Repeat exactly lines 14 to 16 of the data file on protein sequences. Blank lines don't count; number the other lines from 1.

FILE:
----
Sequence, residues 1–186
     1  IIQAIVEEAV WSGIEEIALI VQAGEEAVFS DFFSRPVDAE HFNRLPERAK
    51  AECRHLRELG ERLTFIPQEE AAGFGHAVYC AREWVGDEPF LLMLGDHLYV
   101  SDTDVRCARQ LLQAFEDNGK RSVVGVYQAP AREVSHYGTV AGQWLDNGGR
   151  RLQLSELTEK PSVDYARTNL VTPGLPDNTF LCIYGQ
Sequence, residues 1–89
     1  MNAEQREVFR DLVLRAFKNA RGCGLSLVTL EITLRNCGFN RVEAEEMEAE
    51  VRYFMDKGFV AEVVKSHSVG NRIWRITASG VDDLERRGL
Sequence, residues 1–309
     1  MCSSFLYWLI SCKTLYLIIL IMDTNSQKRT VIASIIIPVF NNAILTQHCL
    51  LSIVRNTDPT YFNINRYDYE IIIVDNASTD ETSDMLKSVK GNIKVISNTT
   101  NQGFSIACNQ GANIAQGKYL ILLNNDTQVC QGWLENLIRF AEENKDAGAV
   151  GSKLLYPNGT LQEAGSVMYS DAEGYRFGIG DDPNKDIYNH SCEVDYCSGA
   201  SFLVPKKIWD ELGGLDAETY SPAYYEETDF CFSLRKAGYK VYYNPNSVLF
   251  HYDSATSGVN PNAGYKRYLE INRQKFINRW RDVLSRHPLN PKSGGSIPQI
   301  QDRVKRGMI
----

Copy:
   201  SFLVPKKIWD ELGGLDAETY SPAYYEETDF CFSLRKAGYK VYYNPNSVLF
   251  HYDSATSGVN PNAGYKRYLE INRQKFINRW RDVLSRHPLN PKSGGSIPQI
   301  QDRVKRGMI